Freedom of expression as recognised in English law can, however, be limited so far as necessary inter alia for the prevention of disorder or crime, for the protection of health or morals of for the protection of the reputation or rights of others. An editor or contributor must, therefore, be aware of limitations of these kinds for which provision is made in English law. Particular legal restrictions of freedom of expression that are relevant in this context are indicated in broad outline below.
If a publication includes material that is defamatory of an individual the author and the editor are liable to be sued for damages by the person defamed.
The tort or civil wrong of defamation or libel is committed by the author or publisher of written material which would be likely to lead an ordinary, reasonable reader to think less well of a person or to shun, mistrust or despise a person or which would be likely to expose a person to hatred, contempt or ridicule. The victim of a defamatory publication may sue a person responsible for the publication for damages.
Statements made about a group of persons may (according to the context) be found to be defamatory of each member of the group, but a generalised allegation directed against a large group (‘all lawyers are corrupt’) would not be likely to be taken as defamatory of every one of its members.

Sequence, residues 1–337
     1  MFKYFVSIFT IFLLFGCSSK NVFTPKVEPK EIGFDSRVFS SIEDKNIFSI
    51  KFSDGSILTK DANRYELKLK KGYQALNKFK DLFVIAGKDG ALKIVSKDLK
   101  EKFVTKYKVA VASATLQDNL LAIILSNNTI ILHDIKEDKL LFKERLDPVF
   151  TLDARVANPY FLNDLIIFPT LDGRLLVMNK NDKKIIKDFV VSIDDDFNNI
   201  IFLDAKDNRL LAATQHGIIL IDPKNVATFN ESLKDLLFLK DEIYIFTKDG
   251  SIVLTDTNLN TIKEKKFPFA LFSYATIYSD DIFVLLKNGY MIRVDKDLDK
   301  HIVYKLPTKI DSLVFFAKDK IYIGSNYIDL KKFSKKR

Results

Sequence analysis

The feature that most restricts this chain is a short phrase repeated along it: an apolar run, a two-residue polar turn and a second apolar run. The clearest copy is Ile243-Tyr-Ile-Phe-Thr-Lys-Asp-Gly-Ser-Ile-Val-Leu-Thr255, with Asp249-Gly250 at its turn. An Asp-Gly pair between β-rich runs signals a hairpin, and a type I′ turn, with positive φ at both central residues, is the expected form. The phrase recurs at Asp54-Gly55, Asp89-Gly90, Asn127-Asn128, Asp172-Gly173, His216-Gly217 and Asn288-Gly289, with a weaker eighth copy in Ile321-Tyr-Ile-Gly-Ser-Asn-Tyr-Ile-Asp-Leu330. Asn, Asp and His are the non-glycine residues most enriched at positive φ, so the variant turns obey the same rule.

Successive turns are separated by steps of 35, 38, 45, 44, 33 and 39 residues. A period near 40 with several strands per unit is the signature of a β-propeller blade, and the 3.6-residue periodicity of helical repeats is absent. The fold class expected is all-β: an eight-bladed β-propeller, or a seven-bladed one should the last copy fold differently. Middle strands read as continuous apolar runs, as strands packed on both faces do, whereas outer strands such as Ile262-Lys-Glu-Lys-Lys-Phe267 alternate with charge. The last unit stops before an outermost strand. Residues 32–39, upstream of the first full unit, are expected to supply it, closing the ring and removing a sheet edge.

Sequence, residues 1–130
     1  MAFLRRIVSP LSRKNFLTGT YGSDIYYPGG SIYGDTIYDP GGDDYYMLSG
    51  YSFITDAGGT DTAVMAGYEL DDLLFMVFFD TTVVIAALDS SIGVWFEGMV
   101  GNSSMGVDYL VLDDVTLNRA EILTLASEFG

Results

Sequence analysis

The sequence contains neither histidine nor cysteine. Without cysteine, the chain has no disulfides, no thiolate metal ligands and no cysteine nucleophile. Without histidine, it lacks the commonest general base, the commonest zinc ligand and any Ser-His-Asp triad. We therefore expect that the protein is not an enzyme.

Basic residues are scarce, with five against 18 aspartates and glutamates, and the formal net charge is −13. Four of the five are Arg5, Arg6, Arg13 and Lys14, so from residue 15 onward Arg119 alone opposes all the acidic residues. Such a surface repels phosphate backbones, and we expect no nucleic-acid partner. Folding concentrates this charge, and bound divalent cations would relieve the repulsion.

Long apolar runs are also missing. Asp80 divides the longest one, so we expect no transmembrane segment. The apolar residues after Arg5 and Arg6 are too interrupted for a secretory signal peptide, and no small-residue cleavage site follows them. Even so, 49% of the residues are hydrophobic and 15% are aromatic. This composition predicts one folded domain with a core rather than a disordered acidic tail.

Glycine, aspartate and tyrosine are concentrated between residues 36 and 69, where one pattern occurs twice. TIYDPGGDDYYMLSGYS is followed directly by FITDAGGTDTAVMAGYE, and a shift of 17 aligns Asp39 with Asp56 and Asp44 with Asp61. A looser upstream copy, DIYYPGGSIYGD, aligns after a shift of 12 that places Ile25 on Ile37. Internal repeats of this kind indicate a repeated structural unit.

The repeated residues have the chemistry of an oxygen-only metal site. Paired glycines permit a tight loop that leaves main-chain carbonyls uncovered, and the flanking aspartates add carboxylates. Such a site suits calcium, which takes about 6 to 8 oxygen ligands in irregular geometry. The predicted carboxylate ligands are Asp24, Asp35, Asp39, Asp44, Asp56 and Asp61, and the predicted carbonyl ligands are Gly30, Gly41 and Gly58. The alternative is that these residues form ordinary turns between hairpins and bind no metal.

It is a defence to an action for defamation that the published statement was true (the defence of ‘justification’). A defendant who relies on the defence of justification is required, however, to prove the truth of the statement.
There is also a defence of ‘privilege based on responsible journalism’ if readers had a legitimate interest in being informed of the matter published and in addition the publisher acted responsibly (in a disinterested, fair and even-handed way).
4. Infringement of Privacy (Misuse of Private Information)
Publication of information about a person that violates his or her right to private life may give rise to a claim for damages.
English law has very recently developed a law of privacy, giving a remedy in damages to a person whose right to private life is infringed by the publication of information about him or her which the publisher knew, or should have known, was to be regarded as private or confidential (for instance, information that a person was receiving medical or psychiatric treatment or counselling, or had attempted suicide, or was an alcoholic, or information about a person’s sexual orientation or sexual life). Such a breach of privacy may only exceptionally be excused when the publication can be justified as being in the public interest.
It is a wrong, for which damages may be claimed, to pursue a campaign of harassment against a person.
By virtue of section 1 (1) of the Protection from Harassment Act 1997 it is a tort or civil wrong, actionable for damages, for the editor of a publication to run a campaign of harassment (such as to cause alarm or distress) against an individual. This tort is committed only by a ‘course of conduct’, the harassment taking place on more than one occasion.